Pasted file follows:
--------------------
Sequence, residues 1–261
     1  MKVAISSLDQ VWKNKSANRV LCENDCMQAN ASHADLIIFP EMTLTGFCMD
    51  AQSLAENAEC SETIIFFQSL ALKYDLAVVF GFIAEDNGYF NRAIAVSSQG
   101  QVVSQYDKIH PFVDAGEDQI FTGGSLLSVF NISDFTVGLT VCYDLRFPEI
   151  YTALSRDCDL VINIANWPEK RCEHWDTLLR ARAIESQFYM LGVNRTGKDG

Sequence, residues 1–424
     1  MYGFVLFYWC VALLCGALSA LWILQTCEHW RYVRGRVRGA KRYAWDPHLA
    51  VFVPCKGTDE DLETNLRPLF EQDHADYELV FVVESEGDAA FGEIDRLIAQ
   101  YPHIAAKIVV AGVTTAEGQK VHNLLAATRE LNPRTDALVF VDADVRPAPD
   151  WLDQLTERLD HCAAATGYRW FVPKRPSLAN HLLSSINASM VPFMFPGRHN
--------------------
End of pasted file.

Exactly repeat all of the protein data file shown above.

Sequence, residues 1–261
     1  MKVAISSLDQ VWKNKSANRV LCENDCMQAN ASHADLIIFP EMTLTGFCMD
    51  AQSLAENAEC SETIIFFQSL ALKYDLAVVF GFIAEDNGYF NRAIAVSSQG
   101  QVVSQYDKIH PFVDAGEDQI FTGGSLLSVF NISDFTVGLT VCYDLRFPEI
   151  YTALSRDCDL VINIANWPEK RCEHWDTLLR ARAIESQFYM LGVNRTGKDG

Sequence, residues 1–424
     1  MYGFVLFYWC VALLCGALSA LWILQTCEHW RYVRGRVRGA KRYAWDPHLA
    51  VFVPCKGTDE DLETNLRPLF EQDHADYELV FVVESEGDAA FGEIDRLIAQ
   101  YPHIAAKIVV AGVTTAEGQK VHNLLAATRE LNPRTDALVF VDADVRPAPD
   151  WLDQLTERLD HCAAATGYRW FVPKRPSLAN HLLSSINASM VPFMFPGRHN